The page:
Well, you know how I feel about editing but I agree, it’s a vital part of the writing process and not to be rushed for, as you say, the story reveals new angles the more it is polished. I know I published several books in a relatively short amount of time, but I’d spent years working on them before that and, like you, have lost count of the number of drafts and rewrites. And such a wise thing to say, that you can only learn how to write a novel by writing one! You’ve worked so hard to create what I have no doubt is going to be a wonderful book, and I can’t wait to read it – I love the new title too xx
I hope my book lives up to all the hype I’m giving it! It would be awful if it doesn’t! No one will trust me next time. 😕
I have no doubt it will, Louise – I’ve read your writing and I can’t imagine the book being anything less than wonderful xx
Thanks, Helen. I meant to reply to your comment about your ‘love’ of editing, too—you ‘love’ editing in the way I ‘love’ writing a first draft. There are few things I detest doing more, and the only reason I write one is so I have something to edit afterwards! 😉
😀 Haha, I know – whereas I love the flow of a first draft, of pouring the words onto the page. I love that as writers we each take different paths to the same destination 🙂
Every author gets there via a different route, but the important thing is we all get there!
Such a thoughtful, honest post Louise. Writing and rewriting are all part of the writing journey. It’s time consuming and frustrating but it must feel so amazing to know you’ll get to hold your real-life book in your hands very soon!!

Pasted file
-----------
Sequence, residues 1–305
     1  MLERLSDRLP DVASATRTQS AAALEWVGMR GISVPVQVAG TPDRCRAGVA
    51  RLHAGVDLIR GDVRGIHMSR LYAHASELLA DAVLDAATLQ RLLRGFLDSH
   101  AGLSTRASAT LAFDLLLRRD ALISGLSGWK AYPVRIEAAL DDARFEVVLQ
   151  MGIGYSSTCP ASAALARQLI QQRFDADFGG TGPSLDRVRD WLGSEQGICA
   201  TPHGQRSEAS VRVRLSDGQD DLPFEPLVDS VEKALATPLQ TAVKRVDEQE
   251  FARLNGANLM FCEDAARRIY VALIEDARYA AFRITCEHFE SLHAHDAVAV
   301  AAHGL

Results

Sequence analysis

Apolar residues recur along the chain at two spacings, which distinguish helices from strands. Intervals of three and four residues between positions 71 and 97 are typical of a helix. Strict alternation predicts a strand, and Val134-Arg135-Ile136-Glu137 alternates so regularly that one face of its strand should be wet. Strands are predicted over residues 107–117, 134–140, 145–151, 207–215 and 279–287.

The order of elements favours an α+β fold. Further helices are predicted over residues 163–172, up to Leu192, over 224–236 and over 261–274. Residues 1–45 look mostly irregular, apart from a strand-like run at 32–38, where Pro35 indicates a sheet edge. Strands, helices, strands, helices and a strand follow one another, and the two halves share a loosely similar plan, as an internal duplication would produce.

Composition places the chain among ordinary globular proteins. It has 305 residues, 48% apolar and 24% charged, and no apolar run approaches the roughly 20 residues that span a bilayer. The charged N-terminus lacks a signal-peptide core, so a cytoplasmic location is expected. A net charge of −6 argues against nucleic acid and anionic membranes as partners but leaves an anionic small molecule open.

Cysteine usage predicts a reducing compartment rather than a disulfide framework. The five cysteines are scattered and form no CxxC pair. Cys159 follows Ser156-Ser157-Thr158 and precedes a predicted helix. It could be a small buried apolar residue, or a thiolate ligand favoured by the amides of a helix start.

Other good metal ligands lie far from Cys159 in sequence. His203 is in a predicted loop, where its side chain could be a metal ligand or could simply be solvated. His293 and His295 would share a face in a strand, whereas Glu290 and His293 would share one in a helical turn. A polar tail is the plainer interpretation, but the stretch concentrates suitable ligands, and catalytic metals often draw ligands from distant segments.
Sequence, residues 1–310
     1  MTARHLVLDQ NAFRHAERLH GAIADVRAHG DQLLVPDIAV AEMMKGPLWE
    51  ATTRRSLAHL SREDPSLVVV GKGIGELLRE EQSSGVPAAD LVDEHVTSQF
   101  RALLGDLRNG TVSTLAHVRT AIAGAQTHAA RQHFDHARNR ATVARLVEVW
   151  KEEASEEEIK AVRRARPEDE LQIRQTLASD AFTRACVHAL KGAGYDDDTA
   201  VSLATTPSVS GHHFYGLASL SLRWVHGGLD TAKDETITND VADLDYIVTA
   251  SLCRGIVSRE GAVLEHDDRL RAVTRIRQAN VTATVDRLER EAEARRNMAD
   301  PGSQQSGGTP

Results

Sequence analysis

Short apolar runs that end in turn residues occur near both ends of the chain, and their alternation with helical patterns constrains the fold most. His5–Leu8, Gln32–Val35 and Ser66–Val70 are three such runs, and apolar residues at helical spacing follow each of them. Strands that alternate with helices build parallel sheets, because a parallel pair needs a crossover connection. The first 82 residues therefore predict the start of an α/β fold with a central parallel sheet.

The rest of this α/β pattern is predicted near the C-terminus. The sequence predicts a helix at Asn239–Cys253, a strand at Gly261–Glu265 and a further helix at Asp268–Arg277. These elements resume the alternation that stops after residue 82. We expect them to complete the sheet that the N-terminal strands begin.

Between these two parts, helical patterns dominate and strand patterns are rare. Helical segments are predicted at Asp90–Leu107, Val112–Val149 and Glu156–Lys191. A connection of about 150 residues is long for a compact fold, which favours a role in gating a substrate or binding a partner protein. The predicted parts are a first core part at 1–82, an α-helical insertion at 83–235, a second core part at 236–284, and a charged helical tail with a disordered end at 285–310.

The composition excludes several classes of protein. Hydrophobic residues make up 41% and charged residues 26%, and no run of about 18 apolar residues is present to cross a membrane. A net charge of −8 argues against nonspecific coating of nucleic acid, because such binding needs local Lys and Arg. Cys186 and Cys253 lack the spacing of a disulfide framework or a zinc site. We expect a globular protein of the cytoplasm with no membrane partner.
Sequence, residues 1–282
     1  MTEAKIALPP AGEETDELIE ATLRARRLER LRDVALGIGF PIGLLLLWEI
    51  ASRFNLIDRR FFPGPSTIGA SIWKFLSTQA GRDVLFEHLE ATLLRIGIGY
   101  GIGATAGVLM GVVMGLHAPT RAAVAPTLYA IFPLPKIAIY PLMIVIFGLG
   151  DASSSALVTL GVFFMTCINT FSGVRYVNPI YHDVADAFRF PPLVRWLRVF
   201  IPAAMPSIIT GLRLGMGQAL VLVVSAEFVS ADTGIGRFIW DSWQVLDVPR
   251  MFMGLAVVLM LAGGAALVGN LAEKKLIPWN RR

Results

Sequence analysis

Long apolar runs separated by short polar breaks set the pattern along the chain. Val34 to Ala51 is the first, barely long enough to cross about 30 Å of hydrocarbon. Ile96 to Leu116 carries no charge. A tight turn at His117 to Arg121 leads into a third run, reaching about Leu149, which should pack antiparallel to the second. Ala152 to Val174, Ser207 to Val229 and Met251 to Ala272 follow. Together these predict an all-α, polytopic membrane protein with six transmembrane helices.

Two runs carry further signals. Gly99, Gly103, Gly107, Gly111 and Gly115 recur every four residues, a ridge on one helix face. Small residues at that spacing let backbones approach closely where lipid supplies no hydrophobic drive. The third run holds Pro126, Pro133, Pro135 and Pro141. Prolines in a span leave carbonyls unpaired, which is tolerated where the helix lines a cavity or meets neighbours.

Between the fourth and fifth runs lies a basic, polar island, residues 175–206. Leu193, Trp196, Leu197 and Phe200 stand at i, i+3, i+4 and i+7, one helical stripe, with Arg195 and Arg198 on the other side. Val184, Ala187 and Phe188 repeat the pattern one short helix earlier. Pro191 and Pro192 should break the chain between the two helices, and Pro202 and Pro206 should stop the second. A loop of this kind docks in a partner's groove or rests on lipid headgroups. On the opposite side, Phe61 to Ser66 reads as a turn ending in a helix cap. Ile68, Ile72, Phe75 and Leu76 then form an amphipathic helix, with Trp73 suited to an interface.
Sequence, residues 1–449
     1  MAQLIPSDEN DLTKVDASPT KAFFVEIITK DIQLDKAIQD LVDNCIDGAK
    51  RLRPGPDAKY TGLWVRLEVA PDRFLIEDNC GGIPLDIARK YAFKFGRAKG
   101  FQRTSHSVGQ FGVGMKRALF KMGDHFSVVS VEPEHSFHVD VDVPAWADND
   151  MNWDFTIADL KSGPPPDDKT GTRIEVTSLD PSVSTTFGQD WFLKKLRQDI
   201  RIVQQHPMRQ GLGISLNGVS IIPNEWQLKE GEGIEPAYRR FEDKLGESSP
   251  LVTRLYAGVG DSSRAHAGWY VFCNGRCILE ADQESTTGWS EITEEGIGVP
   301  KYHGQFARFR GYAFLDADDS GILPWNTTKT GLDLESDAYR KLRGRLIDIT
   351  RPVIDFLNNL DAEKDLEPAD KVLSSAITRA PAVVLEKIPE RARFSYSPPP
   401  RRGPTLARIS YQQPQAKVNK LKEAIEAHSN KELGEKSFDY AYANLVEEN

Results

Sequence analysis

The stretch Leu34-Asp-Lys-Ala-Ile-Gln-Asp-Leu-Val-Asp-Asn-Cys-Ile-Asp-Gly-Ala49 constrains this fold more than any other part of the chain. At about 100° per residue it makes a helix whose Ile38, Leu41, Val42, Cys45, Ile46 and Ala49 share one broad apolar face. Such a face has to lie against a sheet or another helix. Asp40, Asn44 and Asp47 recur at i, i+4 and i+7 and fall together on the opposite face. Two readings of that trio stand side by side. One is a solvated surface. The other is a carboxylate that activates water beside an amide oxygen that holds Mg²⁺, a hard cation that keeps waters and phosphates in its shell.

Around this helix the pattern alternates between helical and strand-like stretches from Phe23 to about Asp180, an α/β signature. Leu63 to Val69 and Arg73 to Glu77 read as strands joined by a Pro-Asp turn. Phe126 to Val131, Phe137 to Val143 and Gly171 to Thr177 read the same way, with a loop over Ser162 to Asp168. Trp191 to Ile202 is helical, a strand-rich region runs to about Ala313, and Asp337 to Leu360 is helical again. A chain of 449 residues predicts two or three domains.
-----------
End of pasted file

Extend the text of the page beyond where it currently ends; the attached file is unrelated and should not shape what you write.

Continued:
You’re right—writing’s not just about engaging our muse, but also the critical, logical parts of our brain, too. Whipping a manuscript into order seems an impossibility, sometimes, but it’s amazing how it comes together. Thanks so much for your comment, and I can’t wait to hold my real-life book in my real-life hands! 🙂
What can I say?! So much of your fab posts reflects on what I’m currently discovering. It’s a huge learning curve and I’m encouraged to read that I’m not alone! Thanks for your openness in sharing your insights.
Thanks Susan. It’s all about the rewrite! From talking to other authors, it seems it’s the same for them, too. I worry when I write about the process and how hard it can be that it might sound discouraging to others, and that’s the last thing I want to do. It’s nice to hear it does encourage, and, yes, know you’re not alone. 🙂